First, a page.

Colleen Hanabusa
Congresswoman Colleen Hanabusa

Koolina Exec Recruting Support for Redistricting Plan Beneficial to Hanabusa

Ken Williams, Vice President of Resort Operations for the Ko Olina Community Association, is seeking support from resort members and friends for a Congressional redistricting plan that would be better politically for incumbent Congresswoman Colleen Hanabusa.

Hanabusa, a Democrat who lives in the community, will be up for re-election in 2012. Her major opponent at this point is Charles Djou, a former Republican Congressman who served in federal office for 6 months after winning a special three-way election. Hanabusa beat Djou in the general election by 6 percentage points or 10,000 votes. Djou last week announced plans to run for that seat again in 2012.

Like other states, Hawaii is in the midst of developing a Congressional redistricting plan that will be enacted in time for the 2012 election. The Hawaii Reapportionment Commission is redrawing the boundaries for Congressional Districts 1 and 2. The plans for new House, Senate and Congressional district lines based on population growth, have been submitted for public comment.

The current plan, which puts Ko Olina in District 1, is being pushed by the majority of the 9-member commission. Williams is endorsing that plan because it benefits Hanabusa. Meanwhile many Republicans, including the four members on the commission, back the only other plan which is not currently up for consideration, but does have a chance of being enacted.

“The latest census map shows that Ko Olina has enough people and jobs to be part of the urban core with Waikiki (District 1), as opposed to the outer islands and rural communities (District 2),” Williams writes in an email. He adds, “I would also like to emphasize that having Congresswoman Colleen Hanabusa in our district (Ko Olina/Kapolei) is very important as she has done much for our community through the years as a State Senator and regional leader.”

Hawaii Stockerbroker Sentenced for Fraud

A former Honolulu stock broker was sentenced Monday to 57 months in prison for fraud and tax offenses, a spokesperson for the U.S. Attorney’s office in Hawaii said. Ryan Kimura, 42, was sentenced on wire fraud, bank fraud, and money laundering charges and for filing a false federal tax return.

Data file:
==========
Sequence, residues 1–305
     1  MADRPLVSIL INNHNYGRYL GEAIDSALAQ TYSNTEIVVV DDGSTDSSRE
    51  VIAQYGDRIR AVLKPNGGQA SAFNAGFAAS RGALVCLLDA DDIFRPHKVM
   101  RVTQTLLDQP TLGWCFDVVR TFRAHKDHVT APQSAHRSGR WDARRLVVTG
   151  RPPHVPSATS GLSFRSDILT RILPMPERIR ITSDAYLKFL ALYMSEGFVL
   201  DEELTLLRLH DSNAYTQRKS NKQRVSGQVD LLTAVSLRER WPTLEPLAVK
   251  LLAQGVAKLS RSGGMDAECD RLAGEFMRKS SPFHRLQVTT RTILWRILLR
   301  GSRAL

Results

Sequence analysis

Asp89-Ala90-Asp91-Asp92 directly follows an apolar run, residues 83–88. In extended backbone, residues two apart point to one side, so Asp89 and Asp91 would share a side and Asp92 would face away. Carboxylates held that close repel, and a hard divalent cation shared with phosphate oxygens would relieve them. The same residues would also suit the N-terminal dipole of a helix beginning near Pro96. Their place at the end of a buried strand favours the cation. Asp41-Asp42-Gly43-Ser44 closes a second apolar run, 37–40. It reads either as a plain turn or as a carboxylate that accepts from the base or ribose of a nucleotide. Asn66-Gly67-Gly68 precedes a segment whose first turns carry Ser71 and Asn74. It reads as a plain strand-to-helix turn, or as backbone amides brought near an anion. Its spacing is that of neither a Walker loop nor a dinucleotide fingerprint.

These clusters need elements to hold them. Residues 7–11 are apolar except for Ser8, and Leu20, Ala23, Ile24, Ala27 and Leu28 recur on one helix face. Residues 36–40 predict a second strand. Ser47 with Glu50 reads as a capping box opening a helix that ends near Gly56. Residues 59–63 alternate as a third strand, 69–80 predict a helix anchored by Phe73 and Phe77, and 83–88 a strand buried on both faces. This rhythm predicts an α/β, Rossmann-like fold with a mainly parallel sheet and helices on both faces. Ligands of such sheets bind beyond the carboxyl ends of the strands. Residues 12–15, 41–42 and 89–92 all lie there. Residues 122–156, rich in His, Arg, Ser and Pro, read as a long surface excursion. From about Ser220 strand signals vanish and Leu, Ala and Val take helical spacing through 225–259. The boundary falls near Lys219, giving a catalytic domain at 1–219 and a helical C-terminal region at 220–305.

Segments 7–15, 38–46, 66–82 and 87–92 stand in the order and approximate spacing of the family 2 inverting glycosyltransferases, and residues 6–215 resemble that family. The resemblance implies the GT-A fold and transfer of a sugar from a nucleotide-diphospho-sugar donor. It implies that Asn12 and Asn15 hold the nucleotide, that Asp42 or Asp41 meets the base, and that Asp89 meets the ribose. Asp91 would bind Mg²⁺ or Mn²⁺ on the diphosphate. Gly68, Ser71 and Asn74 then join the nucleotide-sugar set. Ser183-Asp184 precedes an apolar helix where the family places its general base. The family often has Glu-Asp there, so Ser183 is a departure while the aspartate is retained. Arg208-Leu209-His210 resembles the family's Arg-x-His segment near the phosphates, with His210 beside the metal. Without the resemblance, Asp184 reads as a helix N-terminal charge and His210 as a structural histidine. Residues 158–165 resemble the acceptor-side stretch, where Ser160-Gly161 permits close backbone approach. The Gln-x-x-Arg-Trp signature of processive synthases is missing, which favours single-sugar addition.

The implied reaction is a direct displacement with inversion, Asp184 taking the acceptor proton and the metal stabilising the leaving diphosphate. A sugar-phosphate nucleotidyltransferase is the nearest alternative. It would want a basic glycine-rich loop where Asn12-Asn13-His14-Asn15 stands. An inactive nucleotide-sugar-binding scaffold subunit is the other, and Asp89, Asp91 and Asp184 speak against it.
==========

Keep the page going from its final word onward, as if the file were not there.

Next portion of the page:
The IRS uncovered the case, which was prosecuted in Hawaii by Assistant United States Attorney Leslie E. Osborne, Jr.
Susan Oki Mollway, Hawaii’s Chief United States District Judge, told Kimura to pay his former employer, Morgan Stanley Dean Witter (MSDW), and the IRS, $1.5 million in restitution.

Kimura, a stockbroker, convinced his former wife’s family members to deposit more than $2.1 million in accounts with Morgan Stanley by “making false and fraudulent representations and omitting facts.”
“They unknowingly applied for and received MSDW checks, which Kimura used without their knowledge. Deposits were received from Kimura’s former father-in-law; mother-in-law; grandmother-in-law; and sister-in-law; and a company in Japan owned by his former father-inlaw,” Hawaii’s U.S. Attorney said.

The U.S. Attorney and IRS also say that “Kimura made stock trades with the Japanese company’s funds resulting in losses of approximately $360,000, received a commission for each of those stock trades, and manufactured reports of interest allegedly earned.”
Kimura also “embezzled $1.5 million from his victims through forging signatures on 206 checks and using the Japanese company’s funds without authorization,” the U.S. Attorney said.
S&P Downgrade Serves as Wake-up Call for States, Mercatus Expert Said

Standard & Poor’s decision to downgrade the federal government’s debt will cause a reaction in other debt markets. In addition, state and local governments doing well financially, but that have projects on their books that rely on federal projects, may find it more expensive to borrow funds. That is according to Eileen Norcross, a Senior Research Fellow with the Mercatus Center at George Mason University.

“With this wake up call, states like these can take this opportunity to pursue the right policies with its tax and fiscal choices so it can still attract business activity rather than just industries that are federally subsidized,” Norcross said.

The federal downgrade also impacts private companies contracting with federal, state and local governments that finance projects with debt.

“The decision to downgrade the federal government injects uncertainty into these decisions. But this doesn’t mean that these governments won’t be able to repay their debts. It may make it more expensive for them to issue it. By how much, is unclear,” Norcross said.

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